The 1990s, like the 1980s, was a decade of turmoil for General Motors. As revenues once again dropped, GM chairman Robert Stempel (1933-) announced he would close twenty-one North American production plants and eliminate seventy-four thousand jobs over four years as a cost-cutting measure. But the cuts failed to impress GM's board of directors, which demanded and received Stempel's resignation, giving the job of CEO, and the daunting task of rebuilding the company, to John F. "Jack" Smith Jr. The bright spot of the decade for GM was the introduction of the Saturn line of autos, built in Tennessee. The Saturn was designed to compete against small import cars, which it did with great success. Part of the success was due to Saturn dealerships not employing high-pressure sales techniques and its excellent customer service.
After twenty years of declining market share, General Motors started the twenty-first century with a shakeup of its top management. Its board of directors named G. Richard Wagoner Jr. as its CEO in 2000, replacing Smith, who remained as chairman of the board. Some industry analysts suggested GM would have been better off hiring a more dynamic leader from outside the company. According to Irene Gashurov writing for Fortune magazine in 2000, "Despite constant reorganization over the past decade, [GM] remains complex, bureaucratic, and highly politicized. The question is not so much, Can Rick Wagoner run GM? He can. The questions are these: Can Rick Wagoner make GM hum? Can he turn it once more into the heartbeat of America? Can any insider?"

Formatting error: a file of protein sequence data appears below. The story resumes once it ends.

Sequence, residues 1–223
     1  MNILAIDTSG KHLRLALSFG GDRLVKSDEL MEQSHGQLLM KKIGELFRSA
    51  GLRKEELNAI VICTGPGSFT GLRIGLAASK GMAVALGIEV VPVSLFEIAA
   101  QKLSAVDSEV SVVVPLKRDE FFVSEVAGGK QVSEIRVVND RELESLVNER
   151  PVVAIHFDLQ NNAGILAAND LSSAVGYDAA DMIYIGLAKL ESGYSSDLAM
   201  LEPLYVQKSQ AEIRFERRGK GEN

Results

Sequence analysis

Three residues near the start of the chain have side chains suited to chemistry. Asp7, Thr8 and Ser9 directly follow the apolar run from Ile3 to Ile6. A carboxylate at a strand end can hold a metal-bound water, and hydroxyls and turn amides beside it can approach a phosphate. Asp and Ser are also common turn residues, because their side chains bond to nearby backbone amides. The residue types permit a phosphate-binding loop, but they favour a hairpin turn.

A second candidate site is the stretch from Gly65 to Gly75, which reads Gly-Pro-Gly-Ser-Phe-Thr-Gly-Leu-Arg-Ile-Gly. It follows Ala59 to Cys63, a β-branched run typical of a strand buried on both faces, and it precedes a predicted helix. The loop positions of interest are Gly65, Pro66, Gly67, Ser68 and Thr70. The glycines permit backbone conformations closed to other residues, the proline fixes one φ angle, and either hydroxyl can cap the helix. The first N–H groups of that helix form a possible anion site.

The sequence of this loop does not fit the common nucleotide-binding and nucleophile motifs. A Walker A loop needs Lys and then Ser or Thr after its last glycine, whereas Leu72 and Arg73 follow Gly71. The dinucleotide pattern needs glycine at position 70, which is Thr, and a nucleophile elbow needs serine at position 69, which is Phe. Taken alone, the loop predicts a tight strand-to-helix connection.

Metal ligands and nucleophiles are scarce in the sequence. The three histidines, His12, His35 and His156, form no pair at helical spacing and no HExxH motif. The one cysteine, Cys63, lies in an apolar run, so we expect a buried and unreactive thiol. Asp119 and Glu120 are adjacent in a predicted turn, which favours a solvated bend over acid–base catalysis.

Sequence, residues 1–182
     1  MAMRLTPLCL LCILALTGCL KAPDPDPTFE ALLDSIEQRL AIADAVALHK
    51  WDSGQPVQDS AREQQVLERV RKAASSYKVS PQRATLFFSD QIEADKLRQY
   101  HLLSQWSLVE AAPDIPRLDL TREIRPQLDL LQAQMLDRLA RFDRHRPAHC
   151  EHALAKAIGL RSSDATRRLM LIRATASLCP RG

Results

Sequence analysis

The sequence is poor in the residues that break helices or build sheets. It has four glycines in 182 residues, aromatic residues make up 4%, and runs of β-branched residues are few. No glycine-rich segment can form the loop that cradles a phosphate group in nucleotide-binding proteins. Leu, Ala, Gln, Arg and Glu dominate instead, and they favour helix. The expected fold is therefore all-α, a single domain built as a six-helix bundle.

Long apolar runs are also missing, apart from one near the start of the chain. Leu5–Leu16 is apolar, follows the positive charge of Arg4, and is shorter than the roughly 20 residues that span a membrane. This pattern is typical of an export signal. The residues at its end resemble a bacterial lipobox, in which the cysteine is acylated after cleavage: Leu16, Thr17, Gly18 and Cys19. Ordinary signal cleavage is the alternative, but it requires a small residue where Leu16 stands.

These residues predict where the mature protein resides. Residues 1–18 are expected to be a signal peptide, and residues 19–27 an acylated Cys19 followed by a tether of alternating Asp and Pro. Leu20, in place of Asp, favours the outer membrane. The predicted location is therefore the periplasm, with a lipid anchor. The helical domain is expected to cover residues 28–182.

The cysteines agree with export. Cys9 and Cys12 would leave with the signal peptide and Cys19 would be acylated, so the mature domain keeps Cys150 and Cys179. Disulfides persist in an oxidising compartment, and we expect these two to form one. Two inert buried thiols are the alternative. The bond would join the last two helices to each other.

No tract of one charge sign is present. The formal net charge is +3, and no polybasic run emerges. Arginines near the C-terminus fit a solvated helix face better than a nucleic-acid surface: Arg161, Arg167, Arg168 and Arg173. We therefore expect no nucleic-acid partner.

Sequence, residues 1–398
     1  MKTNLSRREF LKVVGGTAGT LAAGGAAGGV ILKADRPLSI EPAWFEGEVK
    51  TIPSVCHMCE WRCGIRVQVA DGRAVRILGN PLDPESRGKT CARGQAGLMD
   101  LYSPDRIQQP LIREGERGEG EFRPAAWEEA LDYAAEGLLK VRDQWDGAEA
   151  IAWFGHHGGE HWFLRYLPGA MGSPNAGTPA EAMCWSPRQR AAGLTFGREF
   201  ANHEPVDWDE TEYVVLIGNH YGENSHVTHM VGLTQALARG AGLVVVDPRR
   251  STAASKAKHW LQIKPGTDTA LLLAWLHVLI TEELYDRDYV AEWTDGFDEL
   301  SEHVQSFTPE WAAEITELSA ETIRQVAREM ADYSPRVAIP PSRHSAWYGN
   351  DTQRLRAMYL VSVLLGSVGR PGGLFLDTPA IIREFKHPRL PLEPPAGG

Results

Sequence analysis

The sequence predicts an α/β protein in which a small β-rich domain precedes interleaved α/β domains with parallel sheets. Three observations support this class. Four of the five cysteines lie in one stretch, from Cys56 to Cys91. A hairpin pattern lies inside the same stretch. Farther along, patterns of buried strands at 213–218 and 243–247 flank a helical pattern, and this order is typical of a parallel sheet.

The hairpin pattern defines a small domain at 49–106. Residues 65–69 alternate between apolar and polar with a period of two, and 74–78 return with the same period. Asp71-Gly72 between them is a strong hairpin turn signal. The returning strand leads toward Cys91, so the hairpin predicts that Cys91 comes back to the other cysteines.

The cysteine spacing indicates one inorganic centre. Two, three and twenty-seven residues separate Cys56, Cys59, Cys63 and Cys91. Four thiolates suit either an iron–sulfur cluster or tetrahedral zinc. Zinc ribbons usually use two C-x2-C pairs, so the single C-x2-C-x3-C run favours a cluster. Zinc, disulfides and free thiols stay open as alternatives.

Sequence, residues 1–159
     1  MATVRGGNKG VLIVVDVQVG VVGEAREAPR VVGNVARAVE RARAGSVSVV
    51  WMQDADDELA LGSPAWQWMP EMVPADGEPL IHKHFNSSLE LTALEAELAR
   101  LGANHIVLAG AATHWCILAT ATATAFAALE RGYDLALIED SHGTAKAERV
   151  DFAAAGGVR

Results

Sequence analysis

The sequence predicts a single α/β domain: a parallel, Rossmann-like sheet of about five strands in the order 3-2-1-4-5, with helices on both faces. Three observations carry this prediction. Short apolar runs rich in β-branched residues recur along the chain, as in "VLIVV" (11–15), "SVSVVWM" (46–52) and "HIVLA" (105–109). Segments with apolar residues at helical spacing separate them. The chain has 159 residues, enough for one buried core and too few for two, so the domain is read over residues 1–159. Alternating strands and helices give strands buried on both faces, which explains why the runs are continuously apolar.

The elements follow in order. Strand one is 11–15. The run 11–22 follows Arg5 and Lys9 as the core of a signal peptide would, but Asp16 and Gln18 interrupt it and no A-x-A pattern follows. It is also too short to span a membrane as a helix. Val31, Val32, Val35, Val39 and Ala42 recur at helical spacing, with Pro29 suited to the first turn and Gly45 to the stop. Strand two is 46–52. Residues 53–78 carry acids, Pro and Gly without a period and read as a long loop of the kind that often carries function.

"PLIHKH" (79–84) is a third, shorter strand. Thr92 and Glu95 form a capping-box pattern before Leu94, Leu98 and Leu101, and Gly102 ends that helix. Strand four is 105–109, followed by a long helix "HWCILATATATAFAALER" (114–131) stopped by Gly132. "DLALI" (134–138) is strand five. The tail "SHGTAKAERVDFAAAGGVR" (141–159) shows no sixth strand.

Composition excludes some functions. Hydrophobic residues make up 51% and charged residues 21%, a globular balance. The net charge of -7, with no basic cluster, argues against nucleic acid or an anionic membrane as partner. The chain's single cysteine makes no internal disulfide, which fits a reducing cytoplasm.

The closing of GM plants in Flint, Michigan, led to the 1989 controversial movie Roger & Me by Michael Moore (1964-), a novice filmmaker and son of a Flint GM worker. The film features Moore relentlessly pursuing Roger B. Smith (1925-), CEO and chairman of General Motors, to try and get him to visit Flint, which was devastated by the shutdown of the GM factories. Funny in parts and deeply moving in others, the movie tells the story of a working-class city in the Midwest that depended on the auto industry.
Two years later, those questions were at least initially answered. By 2001, after several decades of decline, GM controlled 30.9 percent of the U.S. auto market, up slightly over 2000. That same year, the company reported a profit of $1.5 billion on global sales of $177.3 billion. Some of the biggest news came in 2002 when, for the first time in eleven years, Chevrolet vehicles outsold Ford. Some industry analysts credited the upswing to improved vehicle quality, increased worker productivity, and getting rid of unprofitable vehicles. GM also unveiled plans for introducing more models than ever before, with eighty-seven new car models to roll out between 2002 and 2006. The success of GM will likely hinge on how popular these new models become.